Modern medicine is fantastic in treating illness and disease generally, but where it does fall short is in prevention. Of course, it’s never too late to combat the effects of lost muscle and strength, but there is no need to wait to be diagnosed with sarcopenia before taking action. Prevention is better than cure as the old saying goes.

So now we know of the risks and effects that come with aging, what can we do about it?

How to increase muscle and strength

So, the good news is that we can increase both muscle and strength regardless of experience or age and it doesn’t require anything unconventional from a training or nutrition perspective, the same rules apply to the older population as they do for the younger one. There are few principles that we must apply in order to promote strength and mass gains.


It is not enough to think that daily house chores will promote strength and mass gains – of course mowing the lawn, doing the hoovering, taking out the rubbish etc are all mini ways to keep active, but it will take intense exercise that is produced from a structured programme of resistance training to really see improvements.


    Volume is the amount of exercise you are performing, this is broken down into frequency (2-3 times a week can stimulate gains ) and the amount of work performed within those sessions, expressed with sets. A classic routine will consist of 3-4 sets per muscle group, with between 6-12 reps, with an 80% load of 1 rep – typically carried out over a 12 week period.

    Progressive Overload

    This is the concept of constantly challenging your muscles, so that they are always in a reactive state needing to adapt and grow to the stimulus that you are providing, rather than being in a balanced state. In short, if what was one hard, becomes easy to do, you need to make it more challenging. Ways to make an exercise more challenging is to increase the weight, perform more repetitions or sets, have a shorter length of rest between sets or perform more exercises per training session.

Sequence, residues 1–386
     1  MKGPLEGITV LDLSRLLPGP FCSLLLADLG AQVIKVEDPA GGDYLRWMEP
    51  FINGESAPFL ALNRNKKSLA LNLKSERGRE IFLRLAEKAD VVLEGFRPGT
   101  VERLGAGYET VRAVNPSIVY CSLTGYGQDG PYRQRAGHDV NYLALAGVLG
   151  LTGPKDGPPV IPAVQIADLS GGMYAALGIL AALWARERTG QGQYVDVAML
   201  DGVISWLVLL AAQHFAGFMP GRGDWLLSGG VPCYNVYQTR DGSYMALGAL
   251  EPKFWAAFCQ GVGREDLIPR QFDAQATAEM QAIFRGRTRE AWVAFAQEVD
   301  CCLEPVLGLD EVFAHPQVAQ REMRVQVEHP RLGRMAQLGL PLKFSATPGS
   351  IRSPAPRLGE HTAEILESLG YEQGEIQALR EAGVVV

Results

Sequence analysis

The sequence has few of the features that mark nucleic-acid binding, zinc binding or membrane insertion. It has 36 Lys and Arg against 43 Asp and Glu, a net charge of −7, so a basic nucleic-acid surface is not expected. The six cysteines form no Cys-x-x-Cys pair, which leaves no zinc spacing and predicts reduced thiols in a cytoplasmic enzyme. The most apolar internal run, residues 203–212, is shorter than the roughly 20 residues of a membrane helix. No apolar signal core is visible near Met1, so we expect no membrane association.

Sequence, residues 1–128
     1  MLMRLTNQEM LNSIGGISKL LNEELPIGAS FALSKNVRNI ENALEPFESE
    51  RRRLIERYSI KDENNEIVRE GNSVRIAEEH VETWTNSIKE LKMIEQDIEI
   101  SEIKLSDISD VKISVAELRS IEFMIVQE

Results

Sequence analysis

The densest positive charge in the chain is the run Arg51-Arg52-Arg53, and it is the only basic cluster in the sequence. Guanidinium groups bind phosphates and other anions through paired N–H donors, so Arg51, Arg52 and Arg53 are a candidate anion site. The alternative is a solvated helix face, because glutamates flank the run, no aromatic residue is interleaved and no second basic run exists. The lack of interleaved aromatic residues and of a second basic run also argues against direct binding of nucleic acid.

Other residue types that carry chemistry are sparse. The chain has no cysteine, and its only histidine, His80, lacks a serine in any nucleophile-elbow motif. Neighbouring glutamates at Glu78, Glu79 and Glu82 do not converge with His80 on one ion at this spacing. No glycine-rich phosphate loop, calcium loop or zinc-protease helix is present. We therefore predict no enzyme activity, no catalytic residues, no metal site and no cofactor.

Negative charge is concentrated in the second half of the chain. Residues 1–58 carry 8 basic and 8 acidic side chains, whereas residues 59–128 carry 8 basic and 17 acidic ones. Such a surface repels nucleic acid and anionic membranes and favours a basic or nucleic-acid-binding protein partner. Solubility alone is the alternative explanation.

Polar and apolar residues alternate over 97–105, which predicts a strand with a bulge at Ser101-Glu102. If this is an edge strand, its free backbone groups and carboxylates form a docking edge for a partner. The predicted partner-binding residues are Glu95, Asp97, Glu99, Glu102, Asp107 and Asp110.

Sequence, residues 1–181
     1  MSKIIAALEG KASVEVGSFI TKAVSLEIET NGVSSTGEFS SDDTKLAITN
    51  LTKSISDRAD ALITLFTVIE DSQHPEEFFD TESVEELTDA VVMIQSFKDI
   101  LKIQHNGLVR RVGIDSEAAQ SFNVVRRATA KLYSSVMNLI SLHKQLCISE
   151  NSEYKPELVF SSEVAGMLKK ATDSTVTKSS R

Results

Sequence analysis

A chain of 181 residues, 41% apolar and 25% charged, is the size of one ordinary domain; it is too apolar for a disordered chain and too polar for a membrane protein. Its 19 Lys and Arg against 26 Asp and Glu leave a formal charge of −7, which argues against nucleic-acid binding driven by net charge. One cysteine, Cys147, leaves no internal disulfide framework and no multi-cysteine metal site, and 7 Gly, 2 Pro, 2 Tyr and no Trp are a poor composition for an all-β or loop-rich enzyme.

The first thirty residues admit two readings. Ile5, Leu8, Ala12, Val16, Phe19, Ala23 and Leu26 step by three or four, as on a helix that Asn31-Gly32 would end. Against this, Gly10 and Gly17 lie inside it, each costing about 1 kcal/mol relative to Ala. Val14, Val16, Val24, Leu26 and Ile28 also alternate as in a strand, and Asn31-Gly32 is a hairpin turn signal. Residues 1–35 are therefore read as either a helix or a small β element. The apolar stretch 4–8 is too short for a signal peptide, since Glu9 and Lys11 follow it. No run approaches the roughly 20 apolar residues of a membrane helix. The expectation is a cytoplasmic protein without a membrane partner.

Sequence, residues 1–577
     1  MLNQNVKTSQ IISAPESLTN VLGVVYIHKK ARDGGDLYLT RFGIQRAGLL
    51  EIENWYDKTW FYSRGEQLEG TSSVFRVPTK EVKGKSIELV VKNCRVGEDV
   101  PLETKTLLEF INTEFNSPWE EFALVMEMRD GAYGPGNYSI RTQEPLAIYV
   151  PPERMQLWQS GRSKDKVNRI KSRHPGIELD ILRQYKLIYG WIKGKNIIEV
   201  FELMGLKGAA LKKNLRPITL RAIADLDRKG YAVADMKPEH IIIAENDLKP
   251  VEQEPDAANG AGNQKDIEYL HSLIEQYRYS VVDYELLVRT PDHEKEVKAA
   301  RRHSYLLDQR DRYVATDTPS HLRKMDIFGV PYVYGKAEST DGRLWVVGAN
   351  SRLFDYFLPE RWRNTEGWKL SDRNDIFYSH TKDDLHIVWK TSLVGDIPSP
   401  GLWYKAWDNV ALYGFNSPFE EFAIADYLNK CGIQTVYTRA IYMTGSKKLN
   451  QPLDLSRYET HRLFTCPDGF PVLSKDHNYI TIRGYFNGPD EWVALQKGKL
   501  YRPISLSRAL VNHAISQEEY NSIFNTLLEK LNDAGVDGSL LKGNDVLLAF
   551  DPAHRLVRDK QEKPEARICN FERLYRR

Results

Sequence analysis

You can still reap the numerous benefits that strength training has to offer, but if you don’t fuel your body adequately then you are unlikely to see any muscle growth. Your body must have a calorie surplus i.e have more than it needs for it’s normal bodily functions, using the “leftover” calories help in the muscle building process. Along with this you should aim for between 1.2g – 2.0g of protein per kg of bodyweight.


    • Due to improvements in the quality of life, people are generally living longer than ever
    • Slips and falls are both common and sometimes deadly, 1 in 5 hip fracture patients will die within 12 months of their fall
    • Sarcopenia and general muscle & strength loss beings at 30 and accelerates as we get older
    • Resitance training is the key to longevity, and anyone can build muscle with the right training and nutritional approach

    2 thoughts on “Can seniors build muscle mass?”

    1. How we treat our bodies our bodies will in turn treat us therefore it is so important that we eat right and do whatever it takes to live a healthy lifestyle that can actually cause us to live longer. I have seen seniors who were well-built with muscles that were well formed and it was pretty amazing to see. It is all about how we take care of our bodies. Thanks so much for this guide that is so helpful.

      • Hi Norman, yes so true, people need to realise that working out is so much more than looking good and resistance training is a key weapon in the fight for longevity! Thanks for you comment.